Biafra Peoples National Council is to form a collegiate parliament composed of representatives of Biafra ethnic nationalities and pro-Biafra groups.
The formation of the BPNC and the plan to set up the Biafran peoples’ parliament were disclosed in a communique issued at the end of a conference, which held in Accra, Ghana, between May 27 and 31, 2016.
The conference was put together by the Organisation of Emerging African States.
A copy of the communiqué, in which the secessionists demanded Nigeria’s expulsion from the Commonwealth of Nations, was made available to our correspondent on Sunday.
The communiqué was signed by Mr. Uchenna Madu on behalf of the Movement for the Actualisation of the Sovereign State of Biafra, and the representatives of the other pro-Biafran groups, including Eastern People’s Congress, Biafra Liberation Council, Salvation People, Ekwenche Organisation, Biafra Nations Youth League and Biafra Revolutionary Organisation.
Other groups that signed the communiqué were the Biafra Liberation Crusade, Biafra Movement for Solidarity, Biafra Regional Emancipation Movement, Billie Organisation and Representative of Biafrans in the Diaspora.
The communiqué disclosed that, in line with the principles of equity, fairness, justice, participatory democracy, egalitarianism, the administrative and political capitals of Biafra would not be concentrated in one location but shall be spread across Biafra land.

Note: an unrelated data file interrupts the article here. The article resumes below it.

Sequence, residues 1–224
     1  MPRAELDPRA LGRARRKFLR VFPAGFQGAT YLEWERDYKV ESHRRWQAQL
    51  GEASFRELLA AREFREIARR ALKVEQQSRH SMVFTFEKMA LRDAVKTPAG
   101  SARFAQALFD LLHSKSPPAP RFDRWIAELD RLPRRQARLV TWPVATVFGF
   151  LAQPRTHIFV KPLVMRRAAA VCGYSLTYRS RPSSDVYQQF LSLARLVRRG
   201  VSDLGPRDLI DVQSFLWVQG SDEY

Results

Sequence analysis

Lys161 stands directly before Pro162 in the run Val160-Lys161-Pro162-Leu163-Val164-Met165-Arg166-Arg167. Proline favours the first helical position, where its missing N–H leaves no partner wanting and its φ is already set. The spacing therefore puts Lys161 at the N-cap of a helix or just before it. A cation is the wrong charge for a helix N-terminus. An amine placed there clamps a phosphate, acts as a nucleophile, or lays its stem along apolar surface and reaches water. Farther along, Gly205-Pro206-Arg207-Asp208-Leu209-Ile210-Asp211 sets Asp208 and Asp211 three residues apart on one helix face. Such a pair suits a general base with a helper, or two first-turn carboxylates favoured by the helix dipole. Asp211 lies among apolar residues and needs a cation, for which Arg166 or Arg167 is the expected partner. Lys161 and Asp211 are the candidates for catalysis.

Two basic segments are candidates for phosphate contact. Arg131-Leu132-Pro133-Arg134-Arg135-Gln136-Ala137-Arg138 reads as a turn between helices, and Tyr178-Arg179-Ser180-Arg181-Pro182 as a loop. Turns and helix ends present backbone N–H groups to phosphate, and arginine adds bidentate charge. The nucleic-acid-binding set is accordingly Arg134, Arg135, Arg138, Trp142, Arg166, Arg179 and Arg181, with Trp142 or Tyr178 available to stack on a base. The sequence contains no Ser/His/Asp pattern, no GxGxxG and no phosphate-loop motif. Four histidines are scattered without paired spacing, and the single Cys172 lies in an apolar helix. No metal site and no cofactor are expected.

Going by the plan of the activists, as revealed in the communiqué, Biafra would have different capitals for the executive, judicial and legislative arms of government.
The proposed country would also have separate capitals for culture, economy, science and technology, agriculture and defence.
According to the communiqué, the conference agreed to draw up a legal framework for the “New Biafra State.”
In the same vein, the secessionists accused the Commonwealth of Nations of “double standards” for failing to sanction Nigeria for the “extra-judicial killings of more than 700 civilians of Biafran origin and pro-Biafran activists” by various Nigerian security agencies.
The Biafra agitators, in the communiqué, noted that the Commonwealth of Nations had, in 1995, suspended Nigeria after the execution of nine Ogoni activists, including the playwright, Ken Saro-Wiwa.
“The conference strongly rejects the blatant double standards of the Commonwealth of Nations and the attitude of individual member states of the Commonwealth.
“The conference recommends to the Commonwealth of Nations to immediately begin the process of expelling the Federal Republic of Nigeria from the Commonwealth of Nations in compliance with the Harare Commonwealth Declaration and the norms and principles of respect to peoples and human rights,” the communiqué said.
The activists also expressed reservations at the “silence of the global Christian leadership” over what they described as the “continuous attack on men and women in Biafra land.”
Also, the conference demanded an immediate and unconditional release of detained pro-Biafra activists, including the leader of the Indigenous People of Biafra, Nnamdi Kanu, as well as Benjamin Madubugwu, David Nwawuisi, Benjamin Onwuka and Chukwuebuka Ikenwa.